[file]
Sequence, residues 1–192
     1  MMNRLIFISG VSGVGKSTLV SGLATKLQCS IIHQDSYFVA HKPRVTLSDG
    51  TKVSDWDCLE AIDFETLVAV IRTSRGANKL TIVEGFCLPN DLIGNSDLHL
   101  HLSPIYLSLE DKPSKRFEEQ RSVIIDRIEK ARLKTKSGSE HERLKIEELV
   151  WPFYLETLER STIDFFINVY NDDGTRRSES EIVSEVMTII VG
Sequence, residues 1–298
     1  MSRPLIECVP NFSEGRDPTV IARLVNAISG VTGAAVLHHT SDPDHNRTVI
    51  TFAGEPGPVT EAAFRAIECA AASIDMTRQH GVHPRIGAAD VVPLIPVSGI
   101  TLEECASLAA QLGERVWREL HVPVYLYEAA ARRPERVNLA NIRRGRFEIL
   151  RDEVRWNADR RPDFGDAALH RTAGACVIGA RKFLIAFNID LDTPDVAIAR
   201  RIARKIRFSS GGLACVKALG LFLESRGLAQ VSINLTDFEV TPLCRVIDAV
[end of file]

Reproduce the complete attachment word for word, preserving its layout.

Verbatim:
Sequence, residues 1–192
     1  MMNRLIFISG VSGVGKSTLV SGLATKLQCS IIHQDSYFVA HKPRVTLSDG
    51  TKVSDWDCLE AIDFETLVAV IRTSRGANKL TIVEGFCLPN DLIGNSDLHL
   101  HLSPIYLSLE DKPSKRFEEQ RSVIIDRIEK ARLKTKSGSE HERLKIEELV
   151  WPFYLETLER STIDFFINVY NDDGTRRSES EIVSEVMTII VG
Sequence, residues 1–298
     1  MSRPLIECVP NFSEGRDPTV IARLVNAISG VTGAAVLHHT SDPDHNRTVI
    51  TFAGEPGPVT EAAFRAIECA AASIDMTRQH GVHPRIGAAD VVPLIPVSGI
   101  TLEECASLAA QLGERVWREL HVPVYLYEAA ARRPERVNLA NIRRGRFEIL
   151  RDEVRWNADR RPDFGDAALH RTAGACVIGA RKFLIAFNID LDTPDVAIAR
   201  RIARKIRFSS GGLACVKALG LFLESRGLAQ VSINLTDFEV TPLCRVIDAV